Menopause and the sleepless nights it often causes might make women age faster and lead to age-related health problems, according to two new studies.
The average age of menopause is 51. Once a woman has gone through menopause, she ages about 6 percent faster, according to a study published online last month in the Proceedings of the National Academy of Sciences. The other study—published in Biological Psychiatry—showed that insomnia symptoms, including difficulty falling or staying asleep, restless sleep, and waking early, increase a woman’s biological age by about two years.
Menopause and insomnia increase the rate at which the body’s cells age. To measure this process, researchers used a device called an epigenic clock that detects and monitors genetic changes. They then compared the participants’ biological age to their chronological age.
“The epigenetic clock is similar to counting the growth rings of a tree to measure its age,” says Steve Horvath, a professor of human genetics and biostatistics in the David Geffen School of Medicine at UCLA and senior author of both studies.
Horvath and colleagues analyzed DNA samples from more than 3,100 women enrolled in four large studies. They measured the biological age of blood, saliva, and cheek cells to compare each woman’s chronological age to her body’s biological age. Women who entered menopause at an early time or had their ovaries surgically removed were biologically older than women who experienced menopause later in life.
Alternately, some cells of women who used menopausal hormone therapy were about two years younger than those who didn’t take any hormones.
A second study used the epigenetic clock to see if poor and disrupted sleep influences the rate of biological aging. Using data on more than 2,000 women from the observational arm of the Women’s Health Initiative large trial, researchers found that postmenopausal women who reported five insomnia symptoms, including trouble falling asleep, restless sleep, waking at night, difficulty falling back asleep, and waking early, were roughly two biological years older than women of the same chronological age who had no symptoms at all. If a woman had one or two symptoms of insomnia, researchers found a moderate effect on aging.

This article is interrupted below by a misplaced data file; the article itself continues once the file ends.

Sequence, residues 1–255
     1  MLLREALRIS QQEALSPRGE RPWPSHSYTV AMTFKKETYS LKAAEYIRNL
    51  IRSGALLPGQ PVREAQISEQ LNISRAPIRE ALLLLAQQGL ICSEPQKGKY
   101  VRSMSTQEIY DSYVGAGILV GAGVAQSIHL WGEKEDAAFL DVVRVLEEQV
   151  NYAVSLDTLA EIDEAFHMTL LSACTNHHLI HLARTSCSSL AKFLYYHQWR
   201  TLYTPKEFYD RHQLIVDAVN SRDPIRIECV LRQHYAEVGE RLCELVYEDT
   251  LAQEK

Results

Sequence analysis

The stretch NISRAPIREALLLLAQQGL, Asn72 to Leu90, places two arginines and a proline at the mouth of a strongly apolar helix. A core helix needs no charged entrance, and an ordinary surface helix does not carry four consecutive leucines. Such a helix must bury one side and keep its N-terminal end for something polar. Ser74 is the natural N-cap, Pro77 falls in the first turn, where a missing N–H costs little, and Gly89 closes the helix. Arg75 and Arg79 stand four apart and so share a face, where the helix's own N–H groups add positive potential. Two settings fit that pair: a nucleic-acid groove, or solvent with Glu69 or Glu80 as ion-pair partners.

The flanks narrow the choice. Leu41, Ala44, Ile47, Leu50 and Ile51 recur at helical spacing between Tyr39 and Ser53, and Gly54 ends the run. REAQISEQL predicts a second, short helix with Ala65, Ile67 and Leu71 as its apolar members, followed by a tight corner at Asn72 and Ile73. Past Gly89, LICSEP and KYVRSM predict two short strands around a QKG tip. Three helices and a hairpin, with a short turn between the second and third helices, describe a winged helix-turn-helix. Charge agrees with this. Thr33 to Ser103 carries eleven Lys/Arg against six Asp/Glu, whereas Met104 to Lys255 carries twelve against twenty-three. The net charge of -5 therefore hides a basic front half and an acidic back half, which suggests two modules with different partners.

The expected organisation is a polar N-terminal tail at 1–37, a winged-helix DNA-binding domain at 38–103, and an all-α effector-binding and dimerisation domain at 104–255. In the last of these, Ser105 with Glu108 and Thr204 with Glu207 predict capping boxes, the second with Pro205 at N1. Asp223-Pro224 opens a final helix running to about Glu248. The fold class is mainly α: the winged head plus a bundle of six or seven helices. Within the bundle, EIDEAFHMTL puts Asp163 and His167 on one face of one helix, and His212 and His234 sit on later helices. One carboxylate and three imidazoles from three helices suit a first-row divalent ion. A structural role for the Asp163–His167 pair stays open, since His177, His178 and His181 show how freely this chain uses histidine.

“These studies don’t prove causality between early menopause and aging or between sleep disruption and aging,” says JoAnn V. Pinkerton, M.D., executive director of the North American Menopause Society. “But they raise important questions about the role of menopause, sleep disruption, hormone therapy, and aging that hopefully future studies will solve.”
She adds that the findings associating early surgical menopause with accelerated aging should encourage women and their doctors to consider menopausal hormone therapy, “ at least to the age of menopause in women with early menopause.”
For those suffering menopause-related insomnia symptoms, there are a number of behavioral interventions that can help, says Judith Carroll, Ph.D., an assistant professor of psychiatry at the UCLA Semel Institute for Neuroscience and Human Behavior, and a co-author of the study. They include cognitive behavioral therapy, mindfulness meditation, and tai chi. She cautions that there is no one-size-fits-all solution and suggests that women explore options and find the intervention that is right for them.
“People can talk to a doctor or professional about symptoms and seek treatment that works,” she says. “There is hope.”
Amy Kraft is a health writer based in New York. Her reporting has taken her from sampling edible insects to uncovering the number of calories you can burn in an aquacycling class. She is a regular reporter on the health desk at CBS News and contributes to publications including Everyday Health, Life by Daily Burn, Discover, and Magnify Money. She received her master’s degree from the City University of New York Graduate School of Journalism and won second place in a Seinfeld trivia contest.